The Silver Age of Comics has brought about changes in pop culture that will reverberate for years to come. From the two major companies, Marvel and DC, the sheer amount of work they created that is still being mined is amazing. But do they stand the test of time? Not always.
To get back in the saddle of reviewing I thought I would dive into a classic issue of The Avengers. This issue was the debut of Ultron-5, the evil robot played so amazingly by James Spader in Avengers: Age of Ultron. The premise of the issue is that The Avengers have been kidnapped by the reformed Masters of Evil under the guise of the mysterious Crimson Cowl. While the previous issue came out and said Jarvis, Tony Stark’s butler, was The Crimson Cowl, it turns out Jarvis was being hypnotized by Ultron. The scheme was to have a hydrogen bomb held over the Empire State Building while Ultron contacts authorities for a ransom. The Black Knight arrives after Jarvis is able to escape, hijinks ensue, and The Avengers save the day.
The overall story itself was not horrible. I’ve certainly read much worse than this. Yet it does have a couple major failings. The biggest one is how Jarvis is dealt with. First, they imply he’s being hypnotized yet at the end of the issue Jarvis tells The Avengers that his mother was sick and he needed money so he sold them out. Which is it? Was he forced against his will through hypnosis or did he go along with the plan simply to help his mother? Also, maybe someone can fill me in as to what Tony Stark’s fortune was at this point in time but I strongly suspect that Tony would have willingly given Jarvis whatever cash he needed to care for his family.
Secondly, he was attacked by the Melter (after previously being attacked by Ultron) yet was able to escape with essentially minor bruises. When Jake and Elwood Blues in The Blues Brothers were attacked over and over again yet were able to simply walk away it was done for humorous effect. When a simple butler is able to survive an attack from a robot and a hardened criminal with simply nothing more than an Excedrin headache, it takes the believe ability of these villains, tosses it out a window, and lets birds use them for scraps for their nests. While I could let it slide when it happens to one of The Avengers, because let’s face it, even during the 1960’s you would expect members of a group to train for situations for like this, for an average civilian, you’d expect them to be straight up murdered.
Another issue I had was something I’ve seen a lot in Silver Age Comics. They introduce the big bad villain yet only showcase that villain for a couple of pages. Granted, I’m admittedly being a little impatient here. This issue was during the era where they were just getting into the groove of multi-issue stories. If you take early Avengers stories, early Spider-Man stories, most would be single story issues. With what is called decompression, they were letting stories breath really, letting them flow longer and more organically like a story in a novel or movie compared to the compression stories of the past eras. One drawback of the decompression method is if you find yourself in the middle of the story you may find that certain characters you want to see are simply not going to be around in a particular story simply because they’re not needed. Yet, I still found myself frustrated because for Ultron’s part in the story, we mainly saw him as The Crimson Cowl. Once he reveals himself as Ultron, he only appears in four more pages of the story in only a small handful of panels. This is a complaint…but a complaint I am sure a writer wants to see a person have because I wanted to see more of him.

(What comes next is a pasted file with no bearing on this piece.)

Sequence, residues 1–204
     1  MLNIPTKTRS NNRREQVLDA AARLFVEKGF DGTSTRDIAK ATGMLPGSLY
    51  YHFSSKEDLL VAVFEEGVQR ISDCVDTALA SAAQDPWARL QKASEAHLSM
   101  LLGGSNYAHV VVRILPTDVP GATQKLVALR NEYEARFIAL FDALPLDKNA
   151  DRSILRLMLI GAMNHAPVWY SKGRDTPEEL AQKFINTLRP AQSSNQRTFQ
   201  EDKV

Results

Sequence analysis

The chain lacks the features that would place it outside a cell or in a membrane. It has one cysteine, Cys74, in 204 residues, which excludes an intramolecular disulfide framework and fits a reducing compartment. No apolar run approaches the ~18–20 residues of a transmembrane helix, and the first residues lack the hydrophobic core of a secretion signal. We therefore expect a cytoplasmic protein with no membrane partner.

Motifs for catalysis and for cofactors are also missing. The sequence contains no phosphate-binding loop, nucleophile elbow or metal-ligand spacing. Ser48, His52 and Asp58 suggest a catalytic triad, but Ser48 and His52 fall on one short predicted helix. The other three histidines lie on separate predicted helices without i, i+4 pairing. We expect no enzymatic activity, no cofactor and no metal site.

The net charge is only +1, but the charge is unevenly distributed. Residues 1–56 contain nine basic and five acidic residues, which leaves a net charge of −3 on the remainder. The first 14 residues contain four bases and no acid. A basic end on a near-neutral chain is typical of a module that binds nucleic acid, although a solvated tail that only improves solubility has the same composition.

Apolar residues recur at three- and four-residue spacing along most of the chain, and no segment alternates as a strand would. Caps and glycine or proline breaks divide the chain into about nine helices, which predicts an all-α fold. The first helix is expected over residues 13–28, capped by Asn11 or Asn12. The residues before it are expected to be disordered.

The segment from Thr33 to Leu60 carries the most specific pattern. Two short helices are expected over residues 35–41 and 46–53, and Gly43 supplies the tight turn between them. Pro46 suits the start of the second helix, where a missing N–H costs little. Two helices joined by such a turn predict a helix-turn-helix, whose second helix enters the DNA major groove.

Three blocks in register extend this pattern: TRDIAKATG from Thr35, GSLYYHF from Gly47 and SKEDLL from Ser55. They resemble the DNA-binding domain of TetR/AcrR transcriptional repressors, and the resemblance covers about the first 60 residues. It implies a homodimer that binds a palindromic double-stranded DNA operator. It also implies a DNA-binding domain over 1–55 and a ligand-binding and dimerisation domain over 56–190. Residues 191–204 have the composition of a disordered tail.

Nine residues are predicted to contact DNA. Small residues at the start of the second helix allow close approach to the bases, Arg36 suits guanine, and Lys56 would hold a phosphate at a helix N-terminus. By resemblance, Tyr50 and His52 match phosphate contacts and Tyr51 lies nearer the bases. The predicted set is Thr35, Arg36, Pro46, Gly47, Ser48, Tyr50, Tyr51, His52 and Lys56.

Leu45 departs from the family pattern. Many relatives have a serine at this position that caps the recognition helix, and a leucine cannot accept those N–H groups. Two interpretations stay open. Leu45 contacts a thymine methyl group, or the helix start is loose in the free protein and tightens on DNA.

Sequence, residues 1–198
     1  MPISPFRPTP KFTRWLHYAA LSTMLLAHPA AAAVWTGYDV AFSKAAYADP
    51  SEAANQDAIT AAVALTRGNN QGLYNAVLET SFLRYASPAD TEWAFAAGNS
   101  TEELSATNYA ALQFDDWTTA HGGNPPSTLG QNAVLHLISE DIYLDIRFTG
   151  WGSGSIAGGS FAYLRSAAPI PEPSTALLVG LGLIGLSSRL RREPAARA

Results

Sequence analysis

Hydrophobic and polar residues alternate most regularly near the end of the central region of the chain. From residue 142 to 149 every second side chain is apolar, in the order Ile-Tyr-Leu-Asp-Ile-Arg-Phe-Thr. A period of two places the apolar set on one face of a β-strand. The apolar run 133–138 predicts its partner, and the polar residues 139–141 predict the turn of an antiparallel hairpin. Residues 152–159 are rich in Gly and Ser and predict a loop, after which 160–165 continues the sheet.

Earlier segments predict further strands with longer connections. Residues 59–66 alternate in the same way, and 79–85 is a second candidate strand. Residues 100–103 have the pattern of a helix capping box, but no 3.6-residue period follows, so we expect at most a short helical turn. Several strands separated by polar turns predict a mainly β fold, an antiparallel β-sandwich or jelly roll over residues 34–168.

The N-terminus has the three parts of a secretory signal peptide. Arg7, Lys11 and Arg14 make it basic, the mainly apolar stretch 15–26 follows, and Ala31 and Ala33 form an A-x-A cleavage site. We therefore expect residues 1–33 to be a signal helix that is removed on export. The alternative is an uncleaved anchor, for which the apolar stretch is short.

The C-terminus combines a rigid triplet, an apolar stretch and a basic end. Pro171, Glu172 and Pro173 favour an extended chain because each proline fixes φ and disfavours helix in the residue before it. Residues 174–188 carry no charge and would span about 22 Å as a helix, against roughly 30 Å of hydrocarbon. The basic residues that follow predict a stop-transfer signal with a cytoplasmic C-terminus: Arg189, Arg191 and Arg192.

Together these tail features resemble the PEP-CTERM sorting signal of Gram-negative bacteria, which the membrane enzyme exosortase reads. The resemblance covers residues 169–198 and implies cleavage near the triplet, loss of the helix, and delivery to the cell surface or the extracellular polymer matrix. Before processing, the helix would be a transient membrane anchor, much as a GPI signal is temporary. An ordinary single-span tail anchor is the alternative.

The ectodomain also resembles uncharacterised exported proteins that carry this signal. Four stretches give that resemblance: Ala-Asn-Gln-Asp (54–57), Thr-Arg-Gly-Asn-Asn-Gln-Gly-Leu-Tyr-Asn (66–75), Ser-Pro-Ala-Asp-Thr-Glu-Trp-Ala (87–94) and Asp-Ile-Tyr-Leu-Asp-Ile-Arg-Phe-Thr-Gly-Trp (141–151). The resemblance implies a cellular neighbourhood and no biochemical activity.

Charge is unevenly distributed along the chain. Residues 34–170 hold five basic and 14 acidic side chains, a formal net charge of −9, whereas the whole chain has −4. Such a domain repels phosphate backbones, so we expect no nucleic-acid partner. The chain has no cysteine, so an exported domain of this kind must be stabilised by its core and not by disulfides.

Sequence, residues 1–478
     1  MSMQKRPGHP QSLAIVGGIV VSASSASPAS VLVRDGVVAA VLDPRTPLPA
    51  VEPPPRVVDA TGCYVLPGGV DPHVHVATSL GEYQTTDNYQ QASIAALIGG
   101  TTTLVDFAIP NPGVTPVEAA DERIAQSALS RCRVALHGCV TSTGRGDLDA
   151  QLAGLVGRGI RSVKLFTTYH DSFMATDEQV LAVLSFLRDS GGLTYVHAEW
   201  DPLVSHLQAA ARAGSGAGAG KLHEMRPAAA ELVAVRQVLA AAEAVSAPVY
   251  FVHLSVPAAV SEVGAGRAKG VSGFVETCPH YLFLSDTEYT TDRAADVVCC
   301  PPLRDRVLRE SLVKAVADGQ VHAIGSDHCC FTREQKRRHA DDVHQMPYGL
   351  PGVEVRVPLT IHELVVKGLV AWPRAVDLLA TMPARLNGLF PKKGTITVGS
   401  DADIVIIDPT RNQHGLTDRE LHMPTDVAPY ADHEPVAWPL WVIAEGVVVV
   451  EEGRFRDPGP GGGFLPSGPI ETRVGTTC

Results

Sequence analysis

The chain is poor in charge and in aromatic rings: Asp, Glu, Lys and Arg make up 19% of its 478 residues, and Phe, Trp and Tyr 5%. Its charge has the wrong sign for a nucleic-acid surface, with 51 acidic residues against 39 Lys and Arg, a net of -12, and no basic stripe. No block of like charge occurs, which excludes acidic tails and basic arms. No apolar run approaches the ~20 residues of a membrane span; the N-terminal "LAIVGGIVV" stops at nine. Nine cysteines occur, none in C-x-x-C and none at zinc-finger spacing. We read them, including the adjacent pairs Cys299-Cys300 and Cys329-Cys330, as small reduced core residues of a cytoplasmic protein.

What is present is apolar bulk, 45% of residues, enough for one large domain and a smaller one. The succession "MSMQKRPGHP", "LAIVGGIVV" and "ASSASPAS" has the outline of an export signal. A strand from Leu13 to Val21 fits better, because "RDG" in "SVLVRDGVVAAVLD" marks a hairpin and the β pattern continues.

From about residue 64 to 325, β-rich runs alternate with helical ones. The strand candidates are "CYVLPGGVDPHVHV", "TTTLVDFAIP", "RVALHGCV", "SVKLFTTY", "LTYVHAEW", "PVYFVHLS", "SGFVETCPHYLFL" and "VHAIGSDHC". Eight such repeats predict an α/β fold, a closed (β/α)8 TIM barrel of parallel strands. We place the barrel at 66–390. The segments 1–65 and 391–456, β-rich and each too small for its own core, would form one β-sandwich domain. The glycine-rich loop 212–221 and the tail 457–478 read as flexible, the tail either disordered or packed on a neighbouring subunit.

So where do I stand on this issue? You have to take it in full context honestly. It’s a part of a longer story told in previous issues. With that, as a stand alone story, it doesn’t hold up too well. However, what it did right was not having the enjoyment of this issue be completely reliant upon total knowledge of what happened in previous issues. To me, the sign of a good comic is one that you can pick up with any issue and enjoy it. They have to have the mindset George Lucas said he had for Star Wars, that each film is its own story but all the films together tell one coherent story. This issue fits that formula nicely so I do recommend it as a read. It’s certainly not a classic in comics history along the lines of Amazing Fantasy #15, with a solid beginning, middle, and end, it does what it needs to do. In the age of graphic novels and comics available upon demand digitally, I think this is something some comics creators are forgetting today. They have the mindset that each issue is a chapter in a story and write it accordingly. Comic stories, even today, share more with old movie serials than they do with books. Basically, you have one issue to sell a new reader on your story so make whatever issue they pick up feel like a complete story, not a small part of something bigger. If they like what they read, they will purchase the other issues.